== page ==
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What and where are the stack and heap?

With regard to the basic concepts of memory layout in a c program, I understand the that:

  • The language uses two primary data structures stack and heap.
  • Stack is created to store the local variables and book keeping data of subroutines
  • Heap is created to store the dynamically allocated variables of the program
  • Heap is of variable length in nature.(Not very sure on stack)
  • Normally it is the responsibility of the compiler/Language to request the OS to create these data structures before the execution.

Questions

  • What is the initial size with which a stack/heap is created? and who decides it?
  • Wherein physical memory are they are created? I see a general description as "Stack is created in the top-level-address and the heap at the low-level-address" Please elobarate this
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marked as duplicate by Paul R, casperOne Oct 3 '12 at 11:26

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4 Answers 4

up vote 5 down vote accepted

"Stack is created in the top-level-address and the heap at the low-level-address" Please elobarate this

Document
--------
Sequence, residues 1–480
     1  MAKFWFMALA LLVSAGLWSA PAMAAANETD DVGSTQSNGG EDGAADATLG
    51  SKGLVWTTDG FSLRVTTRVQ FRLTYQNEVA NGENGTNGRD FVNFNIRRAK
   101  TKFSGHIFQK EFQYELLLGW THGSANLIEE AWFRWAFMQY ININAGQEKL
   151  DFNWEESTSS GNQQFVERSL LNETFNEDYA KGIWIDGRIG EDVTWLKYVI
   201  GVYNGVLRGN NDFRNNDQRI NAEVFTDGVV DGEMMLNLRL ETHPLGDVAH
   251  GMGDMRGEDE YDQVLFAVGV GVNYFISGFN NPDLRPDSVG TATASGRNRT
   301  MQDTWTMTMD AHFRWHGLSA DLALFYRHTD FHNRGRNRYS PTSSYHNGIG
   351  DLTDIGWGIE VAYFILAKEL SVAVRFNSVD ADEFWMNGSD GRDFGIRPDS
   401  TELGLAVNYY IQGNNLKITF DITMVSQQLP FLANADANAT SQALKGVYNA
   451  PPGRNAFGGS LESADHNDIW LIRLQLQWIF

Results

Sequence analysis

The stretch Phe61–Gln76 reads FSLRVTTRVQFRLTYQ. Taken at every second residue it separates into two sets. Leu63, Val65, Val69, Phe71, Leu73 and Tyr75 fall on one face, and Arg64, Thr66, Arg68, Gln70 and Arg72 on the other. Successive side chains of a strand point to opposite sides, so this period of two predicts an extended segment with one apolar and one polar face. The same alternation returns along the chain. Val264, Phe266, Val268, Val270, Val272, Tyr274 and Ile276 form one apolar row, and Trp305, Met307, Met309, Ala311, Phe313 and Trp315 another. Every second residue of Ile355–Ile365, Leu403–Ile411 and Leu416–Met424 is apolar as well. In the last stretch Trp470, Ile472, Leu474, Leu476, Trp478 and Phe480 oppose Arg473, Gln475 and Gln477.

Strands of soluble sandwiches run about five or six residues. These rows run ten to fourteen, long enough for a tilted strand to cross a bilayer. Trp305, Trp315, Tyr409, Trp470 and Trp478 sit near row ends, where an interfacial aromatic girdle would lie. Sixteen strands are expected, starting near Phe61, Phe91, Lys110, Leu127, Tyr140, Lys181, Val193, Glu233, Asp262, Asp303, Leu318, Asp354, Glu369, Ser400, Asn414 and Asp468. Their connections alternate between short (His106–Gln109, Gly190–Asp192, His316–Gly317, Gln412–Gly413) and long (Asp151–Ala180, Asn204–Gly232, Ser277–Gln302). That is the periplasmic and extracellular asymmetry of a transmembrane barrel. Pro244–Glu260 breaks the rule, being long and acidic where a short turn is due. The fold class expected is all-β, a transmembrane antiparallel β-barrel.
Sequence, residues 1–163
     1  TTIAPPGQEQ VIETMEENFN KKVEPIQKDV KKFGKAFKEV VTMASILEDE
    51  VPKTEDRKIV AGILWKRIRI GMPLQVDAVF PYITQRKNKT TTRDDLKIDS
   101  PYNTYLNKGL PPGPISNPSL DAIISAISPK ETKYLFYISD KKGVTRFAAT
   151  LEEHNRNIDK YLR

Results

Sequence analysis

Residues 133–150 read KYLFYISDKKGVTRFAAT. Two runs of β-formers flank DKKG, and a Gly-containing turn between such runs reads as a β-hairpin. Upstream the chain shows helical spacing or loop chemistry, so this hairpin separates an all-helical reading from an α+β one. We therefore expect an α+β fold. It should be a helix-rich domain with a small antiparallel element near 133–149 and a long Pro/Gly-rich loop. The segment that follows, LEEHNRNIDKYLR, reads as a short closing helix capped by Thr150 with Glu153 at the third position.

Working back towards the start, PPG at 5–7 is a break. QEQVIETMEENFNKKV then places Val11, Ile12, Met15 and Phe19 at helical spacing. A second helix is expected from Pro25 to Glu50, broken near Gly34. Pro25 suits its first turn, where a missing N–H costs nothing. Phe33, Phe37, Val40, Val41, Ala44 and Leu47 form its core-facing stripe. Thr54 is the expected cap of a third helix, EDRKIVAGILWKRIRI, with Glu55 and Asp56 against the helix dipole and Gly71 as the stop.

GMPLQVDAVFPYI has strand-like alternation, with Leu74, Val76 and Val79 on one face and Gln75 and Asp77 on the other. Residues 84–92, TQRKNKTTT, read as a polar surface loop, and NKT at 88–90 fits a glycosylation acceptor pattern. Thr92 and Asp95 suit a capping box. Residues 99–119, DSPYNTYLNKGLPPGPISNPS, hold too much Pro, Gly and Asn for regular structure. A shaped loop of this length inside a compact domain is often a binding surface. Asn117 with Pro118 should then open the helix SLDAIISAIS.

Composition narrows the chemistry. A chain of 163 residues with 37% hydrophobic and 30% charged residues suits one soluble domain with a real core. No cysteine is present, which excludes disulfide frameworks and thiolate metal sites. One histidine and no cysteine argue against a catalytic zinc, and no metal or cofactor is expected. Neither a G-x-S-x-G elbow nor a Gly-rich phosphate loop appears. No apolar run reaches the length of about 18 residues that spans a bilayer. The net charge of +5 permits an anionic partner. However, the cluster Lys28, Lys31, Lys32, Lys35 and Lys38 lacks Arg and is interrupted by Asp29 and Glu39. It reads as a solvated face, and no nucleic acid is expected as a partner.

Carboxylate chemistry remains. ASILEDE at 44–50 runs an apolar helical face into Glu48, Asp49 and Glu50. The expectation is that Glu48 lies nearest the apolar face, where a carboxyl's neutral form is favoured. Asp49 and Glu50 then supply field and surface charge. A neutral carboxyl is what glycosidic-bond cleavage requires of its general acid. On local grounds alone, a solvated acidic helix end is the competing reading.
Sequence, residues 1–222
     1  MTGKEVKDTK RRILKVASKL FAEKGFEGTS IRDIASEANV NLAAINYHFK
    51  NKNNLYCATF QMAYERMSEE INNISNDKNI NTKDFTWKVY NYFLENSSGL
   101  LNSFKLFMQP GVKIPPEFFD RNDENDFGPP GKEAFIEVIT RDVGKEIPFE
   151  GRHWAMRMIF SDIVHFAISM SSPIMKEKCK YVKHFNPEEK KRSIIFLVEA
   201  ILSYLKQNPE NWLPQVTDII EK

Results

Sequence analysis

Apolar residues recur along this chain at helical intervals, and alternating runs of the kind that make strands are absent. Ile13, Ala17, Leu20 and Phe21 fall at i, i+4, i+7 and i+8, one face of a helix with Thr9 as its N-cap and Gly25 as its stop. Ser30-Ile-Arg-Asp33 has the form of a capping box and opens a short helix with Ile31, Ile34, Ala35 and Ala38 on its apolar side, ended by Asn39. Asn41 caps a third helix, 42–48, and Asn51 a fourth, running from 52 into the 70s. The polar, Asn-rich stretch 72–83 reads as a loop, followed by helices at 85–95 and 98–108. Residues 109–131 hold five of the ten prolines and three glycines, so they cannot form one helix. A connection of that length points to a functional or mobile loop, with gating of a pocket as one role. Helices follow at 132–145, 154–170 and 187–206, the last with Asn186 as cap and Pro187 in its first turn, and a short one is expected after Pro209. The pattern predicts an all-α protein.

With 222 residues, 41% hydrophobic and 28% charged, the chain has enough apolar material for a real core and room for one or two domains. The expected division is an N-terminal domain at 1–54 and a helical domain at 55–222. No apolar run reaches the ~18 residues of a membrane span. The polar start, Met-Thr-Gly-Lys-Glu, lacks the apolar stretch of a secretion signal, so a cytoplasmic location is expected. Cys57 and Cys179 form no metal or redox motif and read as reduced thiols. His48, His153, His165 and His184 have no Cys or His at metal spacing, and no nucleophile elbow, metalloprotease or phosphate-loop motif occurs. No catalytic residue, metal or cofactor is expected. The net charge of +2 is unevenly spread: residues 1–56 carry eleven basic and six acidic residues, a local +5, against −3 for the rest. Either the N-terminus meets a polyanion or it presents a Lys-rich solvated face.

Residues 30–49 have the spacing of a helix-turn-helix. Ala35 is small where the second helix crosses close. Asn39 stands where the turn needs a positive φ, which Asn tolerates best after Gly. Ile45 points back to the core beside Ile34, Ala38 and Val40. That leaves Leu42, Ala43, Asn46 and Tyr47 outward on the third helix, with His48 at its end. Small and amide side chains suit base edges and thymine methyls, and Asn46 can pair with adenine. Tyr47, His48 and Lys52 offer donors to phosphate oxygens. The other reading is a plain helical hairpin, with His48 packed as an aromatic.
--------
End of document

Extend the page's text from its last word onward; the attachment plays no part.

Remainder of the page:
This is a myth. It may have a basis in historical truth. It might sometimes resonate with things you see in real life. But it is not literally true.

It's easy enough to explore, though:

#include <stdlib.h>
#include <stdio.h>

void check(int depth) {
    char c;
    char *ptr = malloc(1);
    printf("stack at %p, heap at %p\n", &c, ptr);
    if (depth <= 0) return;
    check(depth-1);
}

int main() {
    check(10);
    return 0;
}

On my machine I see:

stack at 0x22ac3b, heap at 0x20010240
stack at 0x22ac0b, heap at 0x200485b0
stack at 0x22abdb, heap at 0x200485c0
stack at 0x22abab, heap at 0x200485d0
stack at 0x22ab7b, heap at 0x200485e0
stack at 0x22ab4b, heap at 0x200485f0
stack at 0x22ab1b, heap at 0x20048600
stack at 0x22aaeb, heap at 0x20048610
stack at 0x22aabb, heap at 0x20048620
stack at 0x22aa8b, heap at 0x20048630
stack at 0x22aa5b, heap at 0x20048640

So, the stack is going downwards and the heap is going upwards (as you might expect based on the myth), but the stack has the smaller address, and they are not growing toward each other (myth busted).

Btw, my check function is tail-recursive, and on some implementations with some compiler options you might see the stack not moving at all. Which tells you something about why the standard doesn't mandate how all this works -- if it did it might inadvertently forbid useful optimizations.

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As mentioned already, sizes are OS specific. For e.g. on windows using Visual Studio, default stack size is 1MB

msdn

On Linux the following command can show show your current one.

ulimit -s or -a

On my Linux mint 64 bit it shows 8192 KB.

Every program when loaded in memory has several segments. In assembly one can indicate each of those using .data, .code etc prefix (intelx86).

It is data segment which has several sub sections. Both stack and heap are part of it in addition to several others.